Editor's Note: This article originally appeared in the January 2013 issue of SMT Magazine.
The purpose of a business is to maximize profits--a company has to make a profit to stay in business, grow, and prosper, but I don’t think this should be the main purpose of a company. Most entrepreneurs have some kind of vision or bigger reason for starting a company, whether it’s to produce a new product that will benefit others or to provide a service they feel they can provide better than others.
What’s wrong with companies today--especially publicly traded corporations--is that they have lost their soul, their vision or bigger reason for being a company. They have become too focused on the bottom line of maximizing profits and forgotten the real reason the company was founded. Our history as a country is filled with men and women of vision who changed the world by the products or services they invented or provided--Thomas Edison, Henry Ford, George Westinghouse, and Aaron Montgomery Ward.
Today, you must be able to either provide or add value to have a place in the global supply chain of goods and services. If you don’t provide or add value, you won’t be able to stay in business in the long run. Providing or adding the maximum value possible is the goal behind all of the steps and tools used to become a Lean Six Sigma company whether you are a manufacturer or a service provider. You focus on the customer by removing wasted and non-value-added steps to become lean and reduce variation and improve quality to achieve the Six Sigma level.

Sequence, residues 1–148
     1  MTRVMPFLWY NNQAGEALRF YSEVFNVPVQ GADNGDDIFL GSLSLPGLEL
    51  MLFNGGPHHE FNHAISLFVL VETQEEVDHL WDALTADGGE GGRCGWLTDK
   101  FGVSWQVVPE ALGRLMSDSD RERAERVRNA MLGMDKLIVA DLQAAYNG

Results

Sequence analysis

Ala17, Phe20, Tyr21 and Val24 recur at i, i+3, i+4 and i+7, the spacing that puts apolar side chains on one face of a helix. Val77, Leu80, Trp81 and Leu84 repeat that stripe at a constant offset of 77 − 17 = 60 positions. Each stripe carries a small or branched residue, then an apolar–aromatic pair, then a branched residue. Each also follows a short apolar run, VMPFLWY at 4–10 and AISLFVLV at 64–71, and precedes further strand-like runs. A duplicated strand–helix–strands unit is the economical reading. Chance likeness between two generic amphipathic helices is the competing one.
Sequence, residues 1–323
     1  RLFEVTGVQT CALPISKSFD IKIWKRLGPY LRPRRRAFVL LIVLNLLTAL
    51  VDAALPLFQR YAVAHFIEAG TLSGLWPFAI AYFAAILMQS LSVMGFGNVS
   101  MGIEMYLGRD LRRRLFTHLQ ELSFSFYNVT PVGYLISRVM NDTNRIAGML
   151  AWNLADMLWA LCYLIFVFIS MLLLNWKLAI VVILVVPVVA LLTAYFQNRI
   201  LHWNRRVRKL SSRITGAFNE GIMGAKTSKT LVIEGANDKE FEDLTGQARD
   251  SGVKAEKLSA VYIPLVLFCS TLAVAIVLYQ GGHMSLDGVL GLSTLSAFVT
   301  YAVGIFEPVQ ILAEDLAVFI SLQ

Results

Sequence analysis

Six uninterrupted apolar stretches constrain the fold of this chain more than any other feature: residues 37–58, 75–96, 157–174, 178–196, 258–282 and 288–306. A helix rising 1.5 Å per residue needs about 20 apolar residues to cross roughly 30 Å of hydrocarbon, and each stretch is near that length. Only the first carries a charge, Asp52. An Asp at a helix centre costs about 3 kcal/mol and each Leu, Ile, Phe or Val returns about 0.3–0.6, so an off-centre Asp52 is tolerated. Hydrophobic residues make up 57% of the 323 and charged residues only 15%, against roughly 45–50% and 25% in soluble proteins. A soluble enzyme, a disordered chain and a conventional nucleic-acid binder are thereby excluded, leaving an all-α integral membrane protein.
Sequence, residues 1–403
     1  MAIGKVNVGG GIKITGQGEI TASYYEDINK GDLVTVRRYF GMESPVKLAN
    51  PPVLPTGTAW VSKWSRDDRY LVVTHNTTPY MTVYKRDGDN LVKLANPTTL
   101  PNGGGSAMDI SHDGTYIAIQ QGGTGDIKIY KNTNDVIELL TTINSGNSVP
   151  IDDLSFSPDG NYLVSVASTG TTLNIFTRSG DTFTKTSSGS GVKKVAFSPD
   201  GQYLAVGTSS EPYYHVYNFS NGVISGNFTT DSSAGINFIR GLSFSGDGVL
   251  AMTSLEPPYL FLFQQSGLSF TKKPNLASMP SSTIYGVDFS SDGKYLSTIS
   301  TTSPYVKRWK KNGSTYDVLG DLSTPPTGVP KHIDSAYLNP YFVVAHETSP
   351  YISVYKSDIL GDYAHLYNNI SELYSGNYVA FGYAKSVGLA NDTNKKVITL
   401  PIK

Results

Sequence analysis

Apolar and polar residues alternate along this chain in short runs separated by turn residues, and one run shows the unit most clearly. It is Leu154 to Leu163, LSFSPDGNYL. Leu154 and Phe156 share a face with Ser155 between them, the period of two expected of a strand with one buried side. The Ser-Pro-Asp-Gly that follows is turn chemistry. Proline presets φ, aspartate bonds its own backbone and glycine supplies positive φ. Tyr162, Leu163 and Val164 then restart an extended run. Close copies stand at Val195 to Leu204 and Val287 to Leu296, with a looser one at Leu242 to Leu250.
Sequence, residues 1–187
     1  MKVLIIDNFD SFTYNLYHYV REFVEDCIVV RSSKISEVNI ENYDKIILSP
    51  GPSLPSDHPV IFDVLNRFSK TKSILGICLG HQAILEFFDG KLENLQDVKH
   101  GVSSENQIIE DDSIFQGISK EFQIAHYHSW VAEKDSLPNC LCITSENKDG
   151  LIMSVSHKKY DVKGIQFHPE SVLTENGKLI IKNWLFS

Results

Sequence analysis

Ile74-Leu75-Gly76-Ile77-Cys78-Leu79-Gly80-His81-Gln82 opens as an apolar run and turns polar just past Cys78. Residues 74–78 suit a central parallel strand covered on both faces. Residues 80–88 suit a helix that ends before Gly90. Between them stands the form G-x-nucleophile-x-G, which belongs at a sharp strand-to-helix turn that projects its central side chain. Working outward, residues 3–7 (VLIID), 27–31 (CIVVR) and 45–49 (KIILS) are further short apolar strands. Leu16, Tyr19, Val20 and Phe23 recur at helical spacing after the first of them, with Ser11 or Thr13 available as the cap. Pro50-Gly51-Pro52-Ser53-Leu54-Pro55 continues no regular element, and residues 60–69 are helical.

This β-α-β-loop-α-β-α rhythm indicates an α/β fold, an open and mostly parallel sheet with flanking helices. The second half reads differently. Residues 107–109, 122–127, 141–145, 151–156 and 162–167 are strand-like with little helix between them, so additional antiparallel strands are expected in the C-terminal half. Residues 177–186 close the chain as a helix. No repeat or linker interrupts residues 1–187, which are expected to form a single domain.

However, this renewed focus on the customer by becoming a Lean Six Sigma enterprise won’t restore the soul of a company. To do this, you need to create or revive the concept of “for the sake of others”; that is, serving others by what you do or make. This is the main concept presented in Dr. Tony Baron’s book, The Art of Servant Leadership. This book shows you how to design or redesign your organization for the sake of others and is “a guidebook on how a private or public company can achieve its true purpose in the world.” The book has a lofty purpose: “To equip, inspire, and encourage those we influence in order to make a profound positive difference in the world.”
In a 1970 Time magazine article, the economist Milton Friedman argued that businesses' sole purpose is to generate profit for shareholders, as long as it is doing so legally and ethically. In contrast, Dr. Baron believes that the “sole goal of a business is to exist for the sake of others.”
The book provides “a case study of the principles and practices Art Barter used as a servant leader to reform Datron and transform lives inside and outside the company.” Datron World Communications, Inc. (DWC) is a privately-owned company located in Vista, California. For over 40 years, Datron has provided tactical military and public safety radio equipment to a diverse worldwide customer base doing business in over 80 countries through an international sales representative network and regional support centers.